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Albert Nobbs: movie review

Glenn Close gives a touching portrayal of a woman passing as a man in the film directed by Rodrigo García.

Patrick Redmond/Roadside Attractions/AP
In 'Albert Nobbs,' Glenn Close portrays a woman passing as a man in 19th-century Dublin.

In “Albert Nobbs,” Glenn Close plays a character she first played almost 30 years ago on the stage – a waiter in a late-19th century Dublin hotel who has passed as a man for most of her adult life. Her disguise is presented as an act of self-preservation, a way for a single woman to stay off the streets and away from the poorhouse and the clutches of male violence.

From a psychological standpoint, this rationale doesn’t really explain Albert’s life change and to its credit, the film, which was directed by Rodrigo García and written by Close, Gabriella Prekop, and Irish novelist John Banville, doesn’t spell anything out for us.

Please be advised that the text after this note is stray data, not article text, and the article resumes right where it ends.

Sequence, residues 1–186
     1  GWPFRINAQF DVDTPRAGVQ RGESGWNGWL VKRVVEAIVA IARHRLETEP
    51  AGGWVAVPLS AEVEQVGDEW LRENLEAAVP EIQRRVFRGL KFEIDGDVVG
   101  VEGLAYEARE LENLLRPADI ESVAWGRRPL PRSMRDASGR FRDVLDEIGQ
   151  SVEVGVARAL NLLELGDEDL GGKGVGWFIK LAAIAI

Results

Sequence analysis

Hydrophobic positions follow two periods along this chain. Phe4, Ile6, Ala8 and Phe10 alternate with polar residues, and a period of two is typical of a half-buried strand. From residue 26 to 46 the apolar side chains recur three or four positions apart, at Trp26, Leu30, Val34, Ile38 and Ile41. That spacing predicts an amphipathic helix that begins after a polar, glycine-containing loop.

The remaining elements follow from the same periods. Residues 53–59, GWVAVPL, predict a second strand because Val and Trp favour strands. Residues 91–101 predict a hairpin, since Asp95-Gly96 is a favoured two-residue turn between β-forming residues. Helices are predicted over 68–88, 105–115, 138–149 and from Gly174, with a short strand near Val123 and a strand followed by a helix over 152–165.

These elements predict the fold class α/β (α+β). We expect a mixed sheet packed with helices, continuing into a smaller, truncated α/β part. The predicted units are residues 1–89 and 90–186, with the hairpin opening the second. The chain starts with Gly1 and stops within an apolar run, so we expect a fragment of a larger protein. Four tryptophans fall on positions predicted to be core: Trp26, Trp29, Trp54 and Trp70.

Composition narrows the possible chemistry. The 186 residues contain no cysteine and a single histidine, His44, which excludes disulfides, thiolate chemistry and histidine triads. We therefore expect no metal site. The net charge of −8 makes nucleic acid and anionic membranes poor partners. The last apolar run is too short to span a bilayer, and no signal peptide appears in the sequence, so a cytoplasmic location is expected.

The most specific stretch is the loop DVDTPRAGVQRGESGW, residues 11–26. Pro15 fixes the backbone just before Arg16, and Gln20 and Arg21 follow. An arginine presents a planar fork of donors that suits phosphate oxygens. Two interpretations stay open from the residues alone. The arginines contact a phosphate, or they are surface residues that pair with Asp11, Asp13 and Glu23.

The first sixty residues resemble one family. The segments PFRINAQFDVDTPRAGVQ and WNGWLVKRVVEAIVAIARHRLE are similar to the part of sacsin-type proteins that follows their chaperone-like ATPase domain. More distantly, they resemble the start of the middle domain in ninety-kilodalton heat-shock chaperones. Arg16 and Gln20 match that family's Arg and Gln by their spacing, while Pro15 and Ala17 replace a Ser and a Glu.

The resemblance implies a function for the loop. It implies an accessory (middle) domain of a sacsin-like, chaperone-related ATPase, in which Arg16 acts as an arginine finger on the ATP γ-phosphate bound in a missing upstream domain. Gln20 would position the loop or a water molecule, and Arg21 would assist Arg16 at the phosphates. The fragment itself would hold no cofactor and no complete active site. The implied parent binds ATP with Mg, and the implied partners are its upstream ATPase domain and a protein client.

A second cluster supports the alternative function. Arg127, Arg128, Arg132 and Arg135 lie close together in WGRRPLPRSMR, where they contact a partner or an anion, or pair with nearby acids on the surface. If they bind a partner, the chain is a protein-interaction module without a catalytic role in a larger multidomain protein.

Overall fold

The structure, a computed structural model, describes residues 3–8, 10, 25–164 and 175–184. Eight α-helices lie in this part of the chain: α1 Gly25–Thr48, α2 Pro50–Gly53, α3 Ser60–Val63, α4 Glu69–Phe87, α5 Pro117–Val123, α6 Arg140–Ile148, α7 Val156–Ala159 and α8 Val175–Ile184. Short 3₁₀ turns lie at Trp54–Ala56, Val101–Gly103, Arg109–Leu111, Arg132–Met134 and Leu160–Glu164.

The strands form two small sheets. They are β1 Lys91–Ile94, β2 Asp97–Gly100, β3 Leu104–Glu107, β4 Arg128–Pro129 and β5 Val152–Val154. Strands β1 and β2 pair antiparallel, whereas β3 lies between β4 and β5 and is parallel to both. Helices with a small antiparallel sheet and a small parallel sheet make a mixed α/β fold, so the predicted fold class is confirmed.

Albert sees himself as a model gentleman and that means taking a wife, so he sets his sights on the hotel’s flirty chambermaid, Helen (Mia Wasikowska). The sadness and almost Chaplinesque pathos that ensues is well wrought and Close, although she is so recessive that at times she seems to fade into the ether, is quite touching. Her explosive counterpart is Janet McTeer’s Hubert Page, a housepainter who is also a woman in disguise but, unlike Albert, revels in her maleness. Grade: B (Rated R for some sexuality, brief nudity, and language.)

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